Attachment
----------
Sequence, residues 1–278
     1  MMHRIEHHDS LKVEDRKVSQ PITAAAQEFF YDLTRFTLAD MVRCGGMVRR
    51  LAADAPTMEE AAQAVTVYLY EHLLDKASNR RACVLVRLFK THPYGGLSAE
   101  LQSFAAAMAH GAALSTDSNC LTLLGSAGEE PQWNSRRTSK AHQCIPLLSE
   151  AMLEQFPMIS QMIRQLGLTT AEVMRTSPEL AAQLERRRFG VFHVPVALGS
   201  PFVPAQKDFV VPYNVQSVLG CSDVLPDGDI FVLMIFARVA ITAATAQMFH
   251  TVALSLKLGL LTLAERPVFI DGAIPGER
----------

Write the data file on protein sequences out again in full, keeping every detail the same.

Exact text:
Sequence, residues 1–278
     1  MMHRIEHHDS LKVEDRKVSQ PITAAAQEFF YDLTRFTLAD MVRCGGMVRR
    51  LAADAPTMEE AAQAVTVYLY EHLLDKASNR RACVLVRLFK THPYGGLSAE
   101  LQSFAAAMAH GAALSTDSNC LTLLGSAGEE PQWNSRRTSK AHQCIPLLSE
   151  AMLEQFPMIS QMIRQLGLTT AEVMRTSPEL AAQLERRRFG VFHVPVALGS
   201  PFVPAQKDFV VPYNVQSVLG CSDVLPDGDI FVLMIFARVA ITAATAQMFH
   251  TVALSLKLGL LTLAERPVFI DGAIPGER